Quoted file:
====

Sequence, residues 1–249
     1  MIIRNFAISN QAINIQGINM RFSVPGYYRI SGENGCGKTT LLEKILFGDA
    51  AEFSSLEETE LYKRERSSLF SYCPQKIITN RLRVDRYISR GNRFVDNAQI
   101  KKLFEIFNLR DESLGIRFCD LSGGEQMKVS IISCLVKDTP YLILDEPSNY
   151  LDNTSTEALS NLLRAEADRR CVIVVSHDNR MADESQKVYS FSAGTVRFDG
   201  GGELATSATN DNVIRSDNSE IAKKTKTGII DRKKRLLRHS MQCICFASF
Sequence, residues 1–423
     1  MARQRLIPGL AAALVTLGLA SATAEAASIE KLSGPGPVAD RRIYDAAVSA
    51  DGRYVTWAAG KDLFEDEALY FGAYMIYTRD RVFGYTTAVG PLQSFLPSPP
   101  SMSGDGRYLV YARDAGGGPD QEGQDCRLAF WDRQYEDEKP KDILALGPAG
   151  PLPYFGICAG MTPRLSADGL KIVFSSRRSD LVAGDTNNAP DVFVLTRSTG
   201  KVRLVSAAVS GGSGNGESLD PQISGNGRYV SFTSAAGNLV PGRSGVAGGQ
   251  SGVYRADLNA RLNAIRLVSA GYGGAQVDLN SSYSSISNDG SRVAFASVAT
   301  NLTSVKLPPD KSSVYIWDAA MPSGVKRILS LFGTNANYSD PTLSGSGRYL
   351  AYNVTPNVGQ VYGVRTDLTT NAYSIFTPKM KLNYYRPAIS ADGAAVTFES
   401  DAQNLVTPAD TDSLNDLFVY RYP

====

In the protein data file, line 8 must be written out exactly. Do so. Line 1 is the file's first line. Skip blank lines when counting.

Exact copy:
     1  MARQRLIPGL AAALVTLGLA SATAEAASIE KLSGPGPVAD RRIYDAAVSA